The results of a recent survey of tourist destinations released by the Association of Singapore Attractions last week were an eye-opener.
In spite of our island city receiving a record 11.6 million visitors last year – due in no small part to the debut of our two integrated resorts – nearly half of the 31 attractions surveyed reported a fall in the number of visitors – by up to 28 per cent in some cases.
With the exception of the China market, a closer look at our tourism statistics shows that it was the regional markets – Indonesia, Malaysia, the Philippines, Thailand and Vietnam – which registered the strongest growth rates.
A former student intern from Bandung, Indonesia, told me it was much more convenient for her and her friends to come to Singapore via the budget airlines than for them to go to Jakarta for their entertainment and shopping. The flight time was also shorter. Budget airlines have certainly brought the regional markets a lot closer to Singapore, which is conveniently positioned in a central location.
The uneven performance of tourist destinations in Singapore is also probably true for our downtown malls. Some are doing very well, while others are fast losing their allure. Aside from the booming suburban shopping centres, it appears that the rest of the industry is going through a shake-out. And it appears that no downtown mall is spared, even the seemingly-successful new ones.
Landlords of suburban malls have found the winning formula for pulling in the crowds within their catchment areas. Find a location, preferably adjacent to, or better still, atop an MRT station. Next, put in a cineplex, food court and a huge supermarket. Any other attraction or anchor tenant is a bonus.
However, what works for suburban malls does not necessarily hold true for the downtown ones.
Two of the more successful downtown malls in my opinion – Takashimaya and Centrepoint – are not the closest to the MRT stations in their locations. And you can certainly pick malls which disappoint although they are the nearest to the exit points of the train stations.
In the past, downtown malls attracted the affluent and a stream of local shoppers from all corners of the island. Today, they have lost a significant proportion of their domestic market to suburban malls. Local shoppers need a good reason to visit the city malls. One of these is to meet friends and that is why there are a lot more F&B outlets and fine dining restaurants in the downtown malls. However, meeting friends is most convenient only in the evenings and at weekends.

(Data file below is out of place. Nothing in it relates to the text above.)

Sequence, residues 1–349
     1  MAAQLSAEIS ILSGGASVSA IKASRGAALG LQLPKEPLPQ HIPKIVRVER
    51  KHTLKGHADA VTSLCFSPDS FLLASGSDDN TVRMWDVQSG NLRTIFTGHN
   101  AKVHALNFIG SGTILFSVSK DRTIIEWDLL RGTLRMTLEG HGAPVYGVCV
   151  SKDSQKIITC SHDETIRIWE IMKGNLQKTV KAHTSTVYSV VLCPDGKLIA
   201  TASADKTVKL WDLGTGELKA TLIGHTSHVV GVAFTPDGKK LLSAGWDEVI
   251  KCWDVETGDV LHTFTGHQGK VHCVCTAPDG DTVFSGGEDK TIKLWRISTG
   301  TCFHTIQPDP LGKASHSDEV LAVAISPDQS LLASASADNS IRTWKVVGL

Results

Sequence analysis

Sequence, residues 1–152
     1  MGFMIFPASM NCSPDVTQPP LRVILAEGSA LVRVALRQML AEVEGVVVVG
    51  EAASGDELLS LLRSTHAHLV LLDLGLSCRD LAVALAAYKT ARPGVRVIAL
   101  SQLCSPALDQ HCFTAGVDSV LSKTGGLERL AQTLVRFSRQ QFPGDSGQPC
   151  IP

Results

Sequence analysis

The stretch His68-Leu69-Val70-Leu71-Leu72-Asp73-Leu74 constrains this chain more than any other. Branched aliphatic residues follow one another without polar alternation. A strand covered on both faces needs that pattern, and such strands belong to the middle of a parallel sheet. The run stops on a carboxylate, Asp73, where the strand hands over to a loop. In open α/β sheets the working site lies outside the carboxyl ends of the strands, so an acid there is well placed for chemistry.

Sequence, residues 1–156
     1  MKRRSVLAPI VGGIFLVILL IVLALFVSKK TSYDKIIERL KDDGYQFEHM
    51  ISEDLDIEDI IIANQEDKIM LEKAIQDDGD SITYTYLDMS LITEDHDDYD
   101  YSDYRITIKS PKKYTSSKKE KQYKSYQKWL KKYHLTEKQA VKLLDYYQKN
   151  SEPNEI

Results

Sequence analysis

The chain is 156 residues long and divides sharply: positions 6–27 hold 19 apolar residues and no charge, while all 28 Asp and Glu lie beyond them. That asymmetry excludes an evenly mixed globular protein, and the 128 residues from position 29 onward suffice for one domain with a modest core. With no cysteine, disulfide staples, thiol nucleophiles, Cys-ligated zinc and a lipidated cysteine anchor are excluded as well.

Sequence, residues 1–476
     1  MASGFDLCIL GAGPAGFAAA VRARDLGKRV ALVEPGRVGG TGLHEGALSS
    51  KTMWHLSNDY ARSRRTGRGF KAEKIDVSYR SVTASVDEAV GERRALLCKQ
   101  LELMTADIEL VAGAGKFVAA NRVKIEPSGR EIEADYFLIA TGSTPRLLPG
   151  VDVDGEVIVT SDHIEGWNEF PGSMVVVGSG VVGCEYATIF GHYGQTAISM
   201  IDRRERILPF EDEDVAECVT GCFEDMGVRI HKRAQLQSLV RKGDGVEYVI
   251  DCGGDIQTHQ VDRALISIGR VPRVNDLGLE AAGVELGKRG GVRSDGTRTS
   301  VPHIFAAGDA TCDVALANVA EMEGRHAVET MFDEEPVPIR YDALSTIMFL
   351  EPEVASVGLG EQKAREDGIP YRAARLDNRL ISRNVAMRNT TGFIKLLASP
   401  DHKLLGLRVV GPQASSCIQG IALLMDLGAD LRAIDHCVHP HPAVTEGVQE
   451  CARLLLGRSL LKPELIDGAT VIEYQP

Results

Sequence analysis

Compared to a decade ago, there has also been a tripling or quadrupling of shop space in the downtown areas. So, there is definitely more competition. Frequent traffic jams and high parking charges are also limiting the number of trips made by the affluent segment. The pool of resident city shoppers is definitely smaller.
Fortunately, our integrated resorts have come to the rescue. Because of them, there are a lot more visitors to Singapore. Take a train in the city during working hours and you will find foreigners outnumbering locals by at least four to one. Besides English, I have overheard chatter in Bahasa, Thai, Vietnamese, Korean, Tagalog, French and the odd African and Eastern European language.
I understand that well-to-do Indonesians like Takashimaya and shops in Ngee Ann City. Many are repeat customers. Once in Singapore, they waste no time and head straight to their favourite malls and shops. This is because they already know the service standards and the quality of the merchandise. However, this can only happen if there is stability of tenants. These shoppers do not have much time to window shop or look around elsewhere.
There are no detailed statistics to show it but I believe most of our recent arrivals from the region are frequent visitors, which may explain the drop or fluctuations in attendance for some tourist destinations.
I think downtown malls need to recognise that finding a market niche – which is tough in itself – is no longer enough but stability of tenants is just as important with the current profile of visitor arrivals.
So maximising rentals today – by quickly replacing existing tenants with higher paying ones – may be working wonders for suburban malls but it is counter-productive to the longer term success of the downtown mall.
By Colin Tan – Head of Research and Consultancy at Chesterton Suntec International.